expressive language disorder


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Related to expressive language disorder: Mixed receptive-expressive language disorder, receptive language disorder

expressive language disorder

a communication disorder in children and adults, characterized by problems with expression of language, either oral or signed. It includes difficulties such as limited speech or vocabulary, vocabulary errors, difficulty or hesitation in word selection, oversimplification of grammatical or sentence structure, omission of parts of sentences, unusual word order, and slowed acquisition of language skills. Two types are recognized, acquired and developmental.

expressive language disorder

Neurology A disorder resulting in ability below that expected in vocabulary, production of complex sentences, and word recall Etiology Idiopathic, brain damage, head trauma, malnutrition

ex·pres·sive lan·guage dis·or·der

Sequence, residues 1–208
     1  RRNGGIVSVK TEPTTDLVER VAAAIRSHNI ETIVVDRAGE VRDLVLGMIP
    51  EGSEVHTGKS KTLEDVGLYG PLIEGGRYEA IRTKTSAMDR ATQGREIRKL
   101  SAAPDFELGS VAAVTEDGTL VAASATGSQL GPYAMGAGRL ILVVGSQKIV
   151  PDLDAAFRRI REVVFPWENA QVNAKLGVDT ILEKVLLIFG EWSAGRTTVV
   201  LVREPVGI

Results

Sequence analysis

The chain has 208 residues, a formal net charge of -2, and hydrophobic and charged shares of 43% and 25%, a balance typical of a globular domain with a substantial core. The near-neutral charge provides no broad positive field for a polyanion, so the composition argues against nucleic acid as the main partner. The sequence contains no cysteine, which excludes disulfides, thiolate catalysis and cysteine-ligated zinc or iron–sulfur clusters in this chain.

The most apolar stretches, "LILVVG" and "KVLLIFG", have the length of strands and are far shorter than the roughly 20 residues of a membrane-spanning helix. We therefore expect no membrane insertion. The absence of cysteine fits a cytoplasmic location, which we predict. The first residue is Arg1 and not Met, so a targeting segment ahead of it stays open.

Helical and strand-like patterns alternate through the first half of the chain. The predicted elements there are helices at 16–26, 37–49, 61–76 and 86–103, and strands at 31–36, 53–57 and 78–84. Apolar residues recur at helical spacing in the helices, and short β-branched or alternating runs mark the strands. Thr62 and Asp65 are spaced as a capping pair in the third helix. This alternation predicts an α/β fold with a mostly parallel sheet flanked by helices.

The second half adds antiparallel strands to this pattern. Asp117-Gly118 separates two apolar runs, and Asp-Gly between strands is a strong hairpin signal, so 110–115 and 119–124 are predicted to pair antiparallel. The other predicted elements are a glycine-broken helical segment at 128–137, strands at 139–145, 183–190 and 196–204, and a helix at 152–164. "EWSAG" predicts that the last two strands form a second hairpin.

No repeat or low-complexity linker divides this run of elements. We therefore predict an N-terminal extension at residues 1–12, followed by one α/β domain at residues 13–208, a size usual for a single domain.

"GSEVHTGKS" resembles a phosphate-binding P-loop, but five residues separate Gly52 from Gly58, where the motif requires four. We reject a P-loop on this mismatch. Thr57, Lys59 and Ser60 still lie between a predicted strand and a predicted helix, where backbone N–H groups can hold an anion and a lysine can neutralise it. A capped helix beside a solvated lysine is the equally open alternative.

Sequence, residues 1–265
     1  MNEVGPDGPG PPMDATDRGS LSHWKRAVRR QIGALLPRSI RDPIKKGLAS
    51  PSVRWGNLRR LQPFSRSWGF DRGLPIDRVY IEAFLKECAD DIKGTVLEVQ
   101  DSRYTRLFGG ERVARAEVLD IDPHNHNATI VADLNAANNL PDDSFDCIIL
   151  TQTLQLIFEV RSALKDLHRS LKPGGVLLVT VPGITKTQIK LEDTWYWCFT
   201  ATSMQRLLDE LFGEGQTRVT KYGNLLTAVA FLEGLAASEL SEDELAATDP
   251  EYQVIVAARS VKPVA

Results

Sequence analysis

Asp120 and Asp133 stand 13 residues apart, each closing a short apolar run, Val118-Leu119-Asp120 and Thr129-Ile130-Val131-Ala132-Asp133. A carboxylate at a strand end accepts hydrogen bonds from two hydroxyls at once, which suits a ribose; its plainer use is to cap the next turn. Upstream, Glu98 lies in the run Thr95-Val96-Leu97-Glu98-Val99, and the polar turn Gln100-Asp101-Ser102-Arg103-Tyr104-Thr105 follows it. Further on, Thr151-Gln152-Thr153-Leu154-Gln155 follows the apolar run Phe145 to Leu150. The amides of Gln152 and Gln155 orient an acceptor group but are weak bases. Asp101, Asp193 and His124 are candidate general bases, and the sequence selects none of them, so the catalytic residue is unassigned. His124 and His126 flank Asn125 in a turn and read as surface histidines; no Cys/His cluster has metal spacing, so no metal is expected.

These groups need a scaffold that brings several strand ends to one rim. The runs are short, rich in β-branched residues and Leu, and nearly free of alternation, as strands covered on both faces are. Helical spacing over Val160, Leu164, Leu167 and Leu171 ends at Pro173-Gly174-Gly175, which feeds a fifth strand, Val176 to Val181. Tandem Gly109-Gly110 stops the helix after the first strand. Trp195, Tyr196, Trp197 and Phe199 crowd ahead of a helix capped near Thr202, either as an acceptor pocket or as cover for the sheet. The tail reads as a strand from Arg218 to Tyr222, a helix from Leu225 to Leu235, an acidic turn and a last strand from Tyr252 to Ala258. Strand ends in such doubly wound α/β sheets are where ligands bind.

(eks-pres'iv lang'gwăj dis-ōr'dĕr)
Any problem related to oral communication; may have physical or emotional causes.

expressive language disorder

Failure of a child to learn how to speak, write, or use sign language properly, despite having normal understanding of language and otherwise normal cognitive functions. The impairment in language use is apparent in the child's abnormal composition of sentences, frequent grammatical errors, limited word choices, and difficulty in learning new vocabulary.
References in periodicals archive ?
A child with a writing disability, particularly an expressive language disorder, might be unable to compose complete, grammatical sentences.
While definitions are somewhat different and numbers of cases are given rather than percentages, the number of expressive language disorders is greater than receptive cases, and overlap (i.
Central auditory processing disorders (CAPD) often result in both receptive and expressive language disorders, and children with language impairments exhibit a five times greater chance of developing reading problems (Gillon, 2001).